Faesal’s Political Foray

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Shah Faesal has finally launched a political party and named it Jammu and Kashmir Peoples’ Movement (JKPM). Interestingly, the party has been joined by the former JNU students’ leader Shehla Rashid. In his speech at the party’s maiden rally in Srinagar Faesal made all the right noises but at the same time he was guarded in his utterances. He didn’t say anything that could have triggered a controversy. So, on Kashmir issue he said his party didn’t have a role in terms of a political resolution but would only work as a facilitator for a solution. So, in effect, Faesal has reduced his party’s role to little more than a purveyor of sadak, paani and bijli should it ever come to power. 

But this apparent abdication of his role as a leader who will pursue Kashmir resolution will in no way lessen the need to do so. Faesal’s biggest challenge will remain negotiating the entrenched political binary of the state: a pro-establishment political system and a separatist political and militant struggle that has left tens of thousands dead over the past three decades. This has never been easy and those who have tried it have eventually fallen between two stools. 

However, it is still early days for Faesal and his equally well-known colleague Shehla Rashid. For now, Faesal is busy charting the contours of his politics. He has been holding consultations online and offline, urging youth to come out of the social media and meet him. He has promised  to hew his politics closer to their aspirations.

 He is making some things clear though. He sees himself both as the man of the system and a disrupter. He respects the space of the separatists but won’t join them as he doesn’t have “the mental strength to go to jail”. He won’t join the established mainstream political parties either but will be a part of the same political setup.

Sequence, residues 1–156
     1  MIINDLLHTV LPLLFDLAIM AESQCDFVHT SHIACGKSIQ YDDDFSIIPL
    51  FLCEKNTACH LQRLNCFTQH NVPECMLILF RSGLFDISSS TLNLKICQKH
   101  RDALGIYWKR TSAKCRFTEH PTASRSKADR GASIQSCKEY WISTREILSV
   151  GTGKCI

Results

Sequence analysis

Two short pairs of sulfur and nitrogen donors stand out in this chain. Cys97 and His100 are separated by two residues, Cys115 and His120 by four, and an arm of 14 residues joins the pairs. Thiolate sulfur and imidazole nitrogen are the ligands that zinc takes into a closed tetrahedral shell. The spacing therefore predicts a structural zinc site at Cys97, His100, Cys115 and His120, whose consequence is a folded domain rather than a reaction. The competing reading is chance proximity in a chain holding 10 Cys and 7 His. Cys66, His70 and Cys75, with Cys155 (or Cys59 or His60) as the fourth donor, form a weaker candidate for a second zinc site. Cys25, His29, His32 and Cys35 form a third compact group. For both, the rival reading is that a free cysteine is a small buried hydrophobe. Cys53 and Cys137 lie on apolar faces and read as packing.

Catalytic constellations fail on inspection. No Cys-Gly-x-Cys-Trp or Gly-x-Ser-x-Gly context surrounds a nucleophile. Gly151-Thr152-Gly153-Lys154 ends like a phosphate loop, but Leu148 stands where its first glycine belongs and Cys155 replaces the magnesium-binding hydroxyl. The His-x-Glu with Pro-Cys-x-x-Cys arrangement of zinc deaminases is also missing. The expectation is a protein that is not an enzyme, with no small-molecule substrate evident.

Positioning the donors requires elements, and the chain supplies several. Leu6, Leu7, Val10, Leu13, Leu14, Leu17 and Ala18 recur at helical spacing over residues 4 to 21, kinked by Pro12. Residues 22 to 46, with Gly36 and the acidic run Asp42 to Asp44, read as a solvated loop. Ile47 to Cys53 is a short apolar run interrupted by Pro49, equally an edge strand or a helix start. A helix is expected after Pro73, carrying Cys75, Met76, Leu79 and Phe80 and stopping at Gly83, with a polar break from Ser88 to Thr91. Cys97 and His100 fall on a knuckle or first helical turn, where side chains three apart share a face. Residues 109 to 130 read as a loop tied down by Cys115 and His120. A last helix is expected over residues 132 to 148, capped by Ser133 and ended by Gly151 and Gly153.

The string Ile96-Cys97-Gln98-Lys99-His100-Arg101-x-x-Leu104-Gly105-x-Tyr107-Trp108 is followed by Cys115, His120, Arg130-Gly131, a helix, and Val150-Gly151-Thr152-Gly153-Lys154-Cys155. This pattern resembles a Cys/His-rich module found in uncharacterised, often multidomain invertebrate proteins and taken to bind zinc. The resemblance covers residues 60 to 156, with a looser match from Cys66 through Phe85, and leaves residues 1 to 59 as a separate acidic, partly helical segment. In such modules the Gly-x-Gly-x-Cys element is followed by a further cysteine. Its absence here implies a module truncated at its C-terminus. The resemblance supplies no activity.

By Kashmiri standards, it has been a very unconventional foray into the state’s public space. Faesal has set the people talking. He is pushing taboo notions like Kashmir’s right to self determination and the human rights situation into public discourse – albeit, he has now chosen to be more circumspect with whatever he says. He is urging people in the state and the country to rethink their assumptions about the issues facing the state and to re-imagine its future.

But then Faesal is up against overarching odds: Over the past seventy years, Kashmir has been a graveyard of reputations of its leaders right from legendary Sheikh Mohammad Abdullah through Mufti Sayeed to Farooq Abdullah. And it has even made  short work of many an ambitious or idealistic  entrants, consumed them, hung them out to dry. Faesal’s humongous challenge to make his presence felt is just beginning. In the days and weeks ahead his politics will unfold and people will be able to form a firmer opinion about the People’s Movement and its agenda. Until then we can’t help but keep our fingers crossed. 


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